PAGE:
CHAPTER # 2 (c

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FORMULATION OF OPHTHALMIC PREPARATIONS
Introduction:Ophthalmic preparations may be defined as; “These are the sterile preparations intended for installation into the eyes for the treatment of eye diseases, for the relief of symptoms, for diagnostic purposes, for washing of eyes & as an adjuvant in the surgical procedures.” (or) “These are the sterile preparation that are compounded & packed for installation into the eye.” Drugs are commonly applied to the eye for the localized effect of the medication on the surface of the eye or on its interior. Most frequently aqueous solutions are employed; however non aqueous solutions, suspensions & ophthalmic ointments are also commonly used. Recently ophthalmic inserts, impregnated with drug, have been developed to provide for the continuous release of medication. These inserts are of particular usefulness for those drugs requiring frequent day time & night time administration. Since the capacity of the eye to retain liquid & ointment preparations is limited, they are generally administrated in small volumes. Larger volumes of liquid preparations may be used to flush or wash the eye. The normal volume of tears in the eye is 7µl, whereas a non blinking eye can accommodate a maximum of 30 µl of fluid, blinking eyes can hold only 10µl. Excessive liquids both normally produced & externally added are rapidly drained from the eye. Thus the effective “dose” of medication administered by ophthalmic route can be varied by the strength of medication administered, the volume administered, and the retention time of the medication in contact with the surface of the eye & the frequency of administration. Types of Drugs Used Ophthalmically:The major types of drugs used ophthalmically are as follows:1. Miotics:Miotics are used primarily in the treatment of glaucoma. Miotics reduce intraocular pressure associated with glaucoma. Among the miotics are physostigmine, pilocarpine, neostigmine, methacholine, carbachol etc. Mydriatics & Cycloplegics:Mydriatics allow examination of the fundus of the eye thought the dilatation of the pupil. The stronger mydriatics having a long duration of action are called cycloplegics. Among mydriatics & cycloplegics are Atropine, hyoscyamine, scopalamine, hematropine, Cocaine & cyclopentolate etc.

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Local Anesthetics:Local anesthetics allow for the relief of pain pre-operatively, post operatively, following trauma & during ophthalmic examination. Among the local anesthetics used opthalmically are Tetracaine, benoximate, proparacaine, cocaine, dyclonine & phenacaine etc. 4. Anti-InflammatoryAgents: These agents combat inflammation of the eye. Most prominent among these are hydrocortisone, prednisolone & dexamethsone salts.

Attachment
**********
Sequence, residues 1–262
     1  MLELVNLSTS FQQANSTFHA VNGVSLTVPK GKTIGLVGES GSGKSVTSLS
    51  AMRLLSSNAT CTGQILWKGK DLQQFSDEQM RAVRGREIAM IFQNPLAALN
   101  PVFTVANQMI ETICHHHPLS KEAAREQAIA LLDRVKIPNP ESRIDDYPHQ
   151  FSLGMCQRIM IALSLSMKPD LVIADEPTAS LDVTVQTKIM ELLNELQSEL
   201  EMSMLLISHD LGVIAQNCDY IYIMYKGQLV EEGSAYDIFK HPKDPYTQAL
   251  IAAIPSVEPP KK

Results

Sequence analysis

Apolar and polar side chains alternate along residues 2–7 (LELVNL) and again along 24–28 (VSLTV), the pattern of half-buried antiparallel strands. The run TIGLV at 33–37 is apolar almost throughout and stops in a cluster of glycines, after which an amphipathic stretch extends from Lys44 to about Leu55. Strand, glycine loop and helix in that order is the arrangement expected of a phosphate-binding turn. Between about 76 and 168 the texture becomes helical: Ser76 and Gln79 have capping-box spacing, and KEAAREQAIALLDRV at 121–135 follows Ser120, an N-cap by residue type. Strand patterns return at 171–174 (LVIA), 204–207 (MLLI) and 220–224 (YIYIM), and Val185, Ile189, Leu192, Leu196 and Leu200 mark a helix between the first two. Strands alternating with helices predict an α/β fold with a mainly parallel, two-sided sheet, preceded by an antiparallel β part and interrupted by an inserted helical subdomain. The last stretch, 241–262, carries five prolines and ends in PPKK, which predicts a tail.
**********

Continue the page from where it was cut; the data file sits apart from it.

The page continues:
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Local Antiseptics:Local antiseptics are employed topically to reduce microbial presence on the eye. Among these are certain organic mercury compounds as trimerosal & ammoniated mercury & silver nitrate. Anti-Microbial Agents:Antimicrobial agents are used specifically to combat infection of the eye. They are frequently employed both systemically & locally for their effect. Among those applied topically to the eye are chloramphenical, sulfacetamide sodium, Gentramycin, Tetracyclline & Neomycine. Astringents: These agents are generally used in the treatment of conjunctivitis (inflammation of the conjunctiva characterized by redness and often accompanied by a discharge). Most preparations for this purpose utilize Zinc-compounds, particularly Zinc Sulfate, as the astringent. Topical Protectants:These agents are employed as artificial tears or as a contact lens fluid. Examples of agents used in these solutions are methylcellulose & hydroxypropyl-methylcellulose. Formulation of Ophthalmic Preparations:The primary requirement for the ophthalmic preparation is that it should be sterile. As most of the ophthalmic preparations cannot be sterilized in the final containers due to the sensitivity of the active ingredients &/or excipients or package to the elevated heat, therefore these products are sterilized individually. They are blended aseptically, filled aseptically in pre-sterilized containers using aseptic capping technique. Due to these restrictions of sterility & purity the ophthalmic products are prepared in completely sterile environment using aseptic techniques to minimize the chances of contamination during the preparation & filling. Thus for the preparation of safe, sterile & therapeutically active product, the following factors must be controlled: 1. Environment 2. Manufacturing Techniques 3. Raw Material 4. Machinery (equipment)